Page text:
When we want to prepare a meal that's easy, elegant, and healthy, we often reach for salmon. Packed full of nutrients and delicious whether steamed, smoked, grilled, baked, and poached (or even raw, in the form of sushi), salmon is endlessly adaptable and always delicious. When our test kitchen develops recipes for this fish, they always looks for wild Alaskan salmon. Why is it this so important? It's very sustainable and the quality can't be beat. Here, fisher Melanie Brown explains why buying Alaskan salmon is the most eco-friendly option and why buying whole salmon is the most cost-effective option.
"I might be a bit biased but for those seeking delicious, sustainably caught seafood it's impossible to beat Alaska," says Brown. Her opinion is worth trusting, as she knows salmon. She comes from a long line of commercial salmon fishers, starting with her great grandfather Paul Chukan. Brown began fishing with her family when she was 10-years-old. Today, she fishes at the same site her grandfather established with her children. Though it can sometimes be hard to find Alaskan salmon in the supermarket, many grocery stores do carry it. Should you find it's not readily available near you, go online instead; many retailers will ship it straight to you. Either way, it's worth seeking out—not only for the taste and nutrition, but also for the environmental impacts.
All Alaskan salmon is wild, with the fisheries throughout the state managed sustainability. In fact, sustainable fishing was written into Alaska's constitution in 1959. Each year, the state sets the allowable catch to ensure a healthy population of salmon in Alaska's water. Wild salmon are an essential part of healthy waterways and buying wild salmon actually helps protect the wild salmon population because it creates demand. The seafood industry is a vital part of the state's economy, including many multi-generational family fishing businesses. "For consumers looking to shop responsibly, simply Ask for Alaska," says Brown, adding that it's a good idea to familiarize yourself with the different species of Alaska salmon: Chinook/king, sockeye, coho, keta, and pink, as each has unique characteristics and flavor profiles.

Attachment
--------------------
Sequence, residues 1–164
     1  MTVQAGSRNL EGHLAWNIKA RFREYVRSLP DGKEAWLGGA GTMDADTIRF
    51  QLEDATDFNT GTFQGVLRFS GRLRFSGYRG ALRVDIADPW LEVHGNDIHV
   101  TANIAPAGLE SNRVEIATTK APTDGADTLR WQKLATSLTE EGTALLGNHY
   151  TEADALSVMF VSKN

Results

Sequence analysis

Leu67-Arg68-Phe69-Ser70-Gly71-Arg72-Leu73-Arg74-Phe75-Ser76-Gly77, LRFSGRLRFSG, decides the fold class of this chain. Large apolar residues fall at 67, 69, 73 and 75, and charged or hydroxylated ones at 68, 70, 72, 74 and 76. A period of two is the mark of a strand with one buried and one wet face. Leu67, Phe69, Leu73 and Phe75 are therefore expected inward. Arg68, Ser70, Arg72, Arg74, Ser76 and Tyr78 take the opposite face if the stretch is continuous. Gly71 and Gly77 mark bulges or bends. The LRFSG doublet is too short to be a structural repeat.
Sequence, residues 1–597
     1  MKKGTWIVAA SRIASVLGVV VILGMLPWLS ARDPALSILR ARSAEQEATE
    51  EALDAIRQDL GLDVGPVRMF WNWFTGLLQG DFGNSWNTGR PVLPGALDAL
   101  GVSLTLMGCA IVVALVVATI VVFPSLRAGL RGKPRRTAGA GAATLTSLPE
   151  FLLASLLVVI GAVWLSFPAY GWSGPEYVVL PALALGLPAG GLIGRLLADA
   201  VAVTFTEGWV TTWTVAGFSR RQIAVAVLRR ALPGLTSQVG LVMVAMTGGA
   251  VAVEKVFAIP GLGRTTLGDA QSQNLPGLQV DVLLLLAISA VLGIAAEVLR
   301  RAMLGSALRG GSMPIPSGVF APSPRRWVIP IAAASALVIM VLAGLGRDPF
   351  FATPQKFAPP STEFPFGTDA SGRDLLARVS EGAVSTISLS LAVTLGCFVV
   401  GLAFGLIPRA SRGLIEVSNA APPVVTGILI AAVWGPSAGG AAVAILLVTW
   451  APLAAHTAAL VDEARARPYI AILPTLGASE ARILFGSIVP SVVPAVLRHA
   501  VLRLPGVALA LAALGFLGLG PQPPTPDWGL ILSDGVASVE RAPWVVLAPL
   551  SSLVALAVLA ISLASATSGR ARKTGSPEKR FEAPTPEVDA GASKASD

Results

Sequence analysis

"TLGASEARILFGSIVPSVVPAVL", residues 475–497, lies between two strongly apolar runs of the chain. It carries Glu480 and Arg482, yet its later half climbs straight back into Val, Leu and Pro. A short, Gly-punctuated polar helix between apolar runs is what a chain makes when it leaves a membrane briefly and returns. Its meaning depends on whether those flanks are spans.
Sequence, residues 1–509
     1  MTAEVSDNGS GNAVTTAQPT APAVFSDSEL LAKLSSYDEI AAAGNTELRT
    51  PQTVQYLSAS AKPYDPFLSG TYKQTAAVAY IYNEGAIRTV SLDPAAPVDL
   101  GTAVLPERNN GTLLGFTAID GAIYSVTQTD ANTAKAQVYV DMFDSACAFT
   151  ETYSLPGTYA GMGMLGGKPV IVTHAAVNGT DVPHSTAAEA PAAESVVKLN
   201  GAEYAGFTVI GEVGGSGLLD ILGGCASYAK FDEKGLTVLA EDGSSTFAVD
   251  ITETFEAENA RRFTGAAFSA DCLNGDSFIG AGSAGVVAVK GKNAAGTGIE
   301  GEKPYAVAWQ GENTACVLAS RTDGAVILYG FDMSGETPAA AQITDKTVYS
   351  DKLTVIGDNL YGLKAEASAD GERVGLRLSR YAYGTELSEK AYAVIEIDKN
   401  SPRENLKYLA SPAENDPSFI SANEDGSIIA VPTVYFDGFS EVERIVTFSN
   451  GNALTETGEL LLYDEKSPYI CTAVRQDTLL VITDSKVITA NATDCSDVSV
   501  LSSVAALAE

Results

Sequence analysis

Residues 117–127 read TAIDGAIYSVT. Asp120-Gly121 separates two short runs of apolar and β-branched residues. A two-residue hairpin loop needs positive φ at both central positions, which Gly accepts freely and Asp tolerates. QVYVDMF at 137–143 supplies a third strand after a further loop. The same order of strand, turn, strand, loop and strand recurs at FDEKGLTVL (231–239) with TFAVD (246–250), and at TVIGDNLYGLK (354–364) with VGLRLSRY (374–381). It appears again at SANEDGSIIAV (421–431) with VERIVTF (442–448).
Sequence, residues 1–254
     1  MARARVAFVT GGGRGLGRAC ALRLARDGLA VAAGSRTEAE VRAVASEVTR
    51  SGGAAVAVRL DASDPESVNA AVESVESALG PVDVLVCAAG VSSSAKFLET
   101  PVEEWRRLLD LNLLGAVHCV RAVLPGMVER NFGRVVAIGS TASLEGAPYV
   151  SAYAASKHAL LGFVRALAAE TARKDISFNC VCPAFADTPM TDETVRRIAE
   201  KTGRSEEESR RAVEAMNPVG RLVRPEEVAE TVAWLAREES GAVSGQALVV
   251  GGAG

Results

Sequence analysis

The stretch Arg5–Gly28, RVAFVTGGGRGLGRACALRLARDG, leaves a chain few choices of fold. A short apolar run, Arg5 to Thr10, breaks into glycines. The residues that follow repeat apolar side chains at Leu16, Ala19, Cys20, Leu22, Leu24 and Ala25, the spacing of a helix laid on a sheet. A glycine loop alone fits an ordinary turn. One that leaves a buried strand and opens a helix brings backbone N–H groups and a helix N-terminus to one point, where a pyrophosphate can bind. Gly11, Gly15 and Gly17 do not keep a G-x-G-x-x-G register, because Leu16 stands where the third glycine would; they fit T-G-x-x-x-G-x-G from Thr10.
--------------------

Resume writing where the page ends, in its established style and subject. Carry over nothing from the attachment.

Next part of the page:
During salmon season, Brown and her crew are on the water every day, checking their lines to clear the fish that have been caught, then delivering them to be weighed and processed. In the off-season, Brown tracks what's happening with the fisheries management so she knows not only where the fisheries stand, but also what efforts need to be taken to continue ensuring the future of small boat fishermen. She worries that if too much deference is given to large-scale industrial catcher-processor boats, it will ultimately harm small boat fishers and coastal communities. "The fishermen I know love fishing as much as I do, and as fishermen we have to be innovative and adaptive problem solvers. It is these kinds of minds and thinking that can lead to the solutions that we need to find to ensure that our fisheries will continue to support our families far into the future."
Like many small boat fishers, Brown uses every part of the salmon when cooking at home and encourages consumers to do the same. "If you are able to access a whole fish as a consumer, the possibilities of what you are able to do with that fish are endless," says Brown. "With whole fish you can make fish stock or hearty soup if you break down the head and boil it along with the backbone. And if you scrape the meat off of the rib bones and backbone you can make really good fish patties. Full utilization of your salmon is a beautiful practice in honoring the life of the fish and not wasting what you have been gifted by nature."
If you're working with a whole salmon, Brown suggests canning the salmon with the bones in and the skin on as it'll be both more nutritious and more flavorful. "Be sure to eat the bones because they get soft from the canning process and are a great source of calcium," says Brown. She likes to make gravlax to preserve Alaska salmon both for its ease and the few ingredients it requires. "The hardest part about it is finding space in your fridge for the curing process which takes about three days," says Brown, adding that other fun ways to preserve salmon are to pickle it, enjoying it on crackers or dark bread with sour cream or mayo, pressure cooking it, or smoking it. "Smoking fish is the ultimate form of preserving salmon and can be done with a small smoker at home and is based on Indigenous traditions of preserving salmon for the winter."
If you can't find a whole fish to break down at home, Brown loves salmon tacos as a way to give a lot of people a little taste of salmon. She says her favorite way to eat any leftover salmon is in a sandwich with mayo and sweet relish but also suggests adding leftover salmon to stir-fried rice. "Just remember that all fish cooks quickly, so if you are making a one post meal, be sure to add your salmon to the pot last," says Brown.
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